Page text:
Of course, the requirement of being constantly audited and losing control over the funds it holds is less of a problem for honest organizations. It is much worse for criminal organizations or for organizations that want to keep their internal operations secret. Mafias, cults, and governments will have a greater difficulty adapting to Bitcoin than will publicly-traded companies.
All organizations tend to evolve so as to resist change, but governments, being subject to the problems of socialism, suffer much worse from this because government operations lack a clear concept of efficiency their overall success, the relative importance of any of its parts, or the relative merits of alternative organizational structuring. Consequently, governments can more easily evolve into labyrinthian structures that nobody understands without anyone realizing what is happening.
An eye-opening article called Sinkhole of Bureaucracy describes a surreal example of this phenomenon in an outstandingly incisive way. In an abandoned Pennsylvania mine, which is now an office containing 600 federal employees and endless filing cabinets, process all the federal retirement pensions on paper by hand. The system is widely understood to be insane and dysfunctional, but despite repeated and ceaseless attempts to automate the process beginning in the early 80’s, the system has not changed. It is not a problem of will, but of knowledge: there is no one available with the skills to carry through the transition successfully, no one who knows precisely what those skills would be, and no one who can evaluate anyone else for them. As a result, the attempts to develop an automated process failed because the software engineers did not understand the laws and the bureaucracy well enough to design something correctly, and the bureaucrats did not know how to tell if the software engineers knew what they were doing.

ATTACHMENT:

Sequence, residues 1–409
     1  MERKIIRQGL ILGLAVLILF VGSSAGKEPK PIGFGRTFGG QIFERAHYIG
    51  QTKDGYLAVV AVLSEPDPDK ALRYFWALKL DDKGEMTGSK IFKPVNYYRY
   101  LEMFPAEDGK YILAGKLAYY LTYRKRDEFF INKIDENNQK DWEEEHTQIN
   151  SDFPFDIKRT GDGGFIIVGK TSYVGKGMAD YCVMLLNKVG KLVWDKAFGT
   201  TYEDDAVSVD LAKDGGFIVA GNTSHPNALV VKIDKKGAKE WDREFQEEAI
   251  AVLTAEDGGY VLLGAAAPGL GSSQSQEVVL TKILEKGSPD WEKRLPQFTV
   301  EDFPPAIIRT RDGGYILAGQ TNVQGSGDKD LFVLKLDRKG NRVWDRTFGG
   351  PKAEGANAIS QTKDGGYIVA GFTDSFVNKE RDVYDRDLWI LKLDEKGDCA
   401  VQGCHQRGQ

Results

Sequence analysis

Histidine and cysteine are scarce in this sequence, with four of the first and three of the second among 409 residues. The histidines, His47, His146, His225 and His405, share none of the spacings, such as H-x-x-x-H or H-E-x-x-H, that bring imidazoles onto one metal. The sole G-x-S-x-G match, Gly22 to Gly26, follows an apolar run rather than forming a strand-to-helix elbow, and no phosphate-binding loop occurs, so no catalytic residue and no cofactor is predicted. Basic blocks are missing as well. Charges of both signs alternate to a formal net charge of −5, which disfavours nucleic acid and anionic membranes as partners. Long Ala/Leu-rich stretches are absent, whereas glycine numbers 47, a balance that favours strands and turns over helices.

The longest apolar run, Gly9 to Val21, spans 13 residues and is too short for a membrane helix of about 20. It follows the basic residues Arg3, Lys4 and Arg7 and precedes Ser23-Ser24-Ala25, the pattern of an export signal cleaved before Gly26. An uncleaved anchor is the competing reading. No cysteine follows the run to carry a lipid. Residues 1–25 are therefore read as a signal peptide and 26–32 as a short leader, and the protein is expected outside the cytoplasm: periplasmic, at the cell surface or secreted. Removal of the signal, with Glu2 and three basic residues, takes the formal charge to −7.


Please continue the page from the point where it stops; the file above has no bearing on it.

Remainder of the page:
Will the federal government be able to adapt to Bitcoin? This would require building an a system not just for the one department, but for the entire organization, and it would have to be built properly—it must distribute decisions enough so that bitcoins cannot be stolen easily by employees. After reading that article, I think it is reasonable to think that the government may not be up to such a task at all.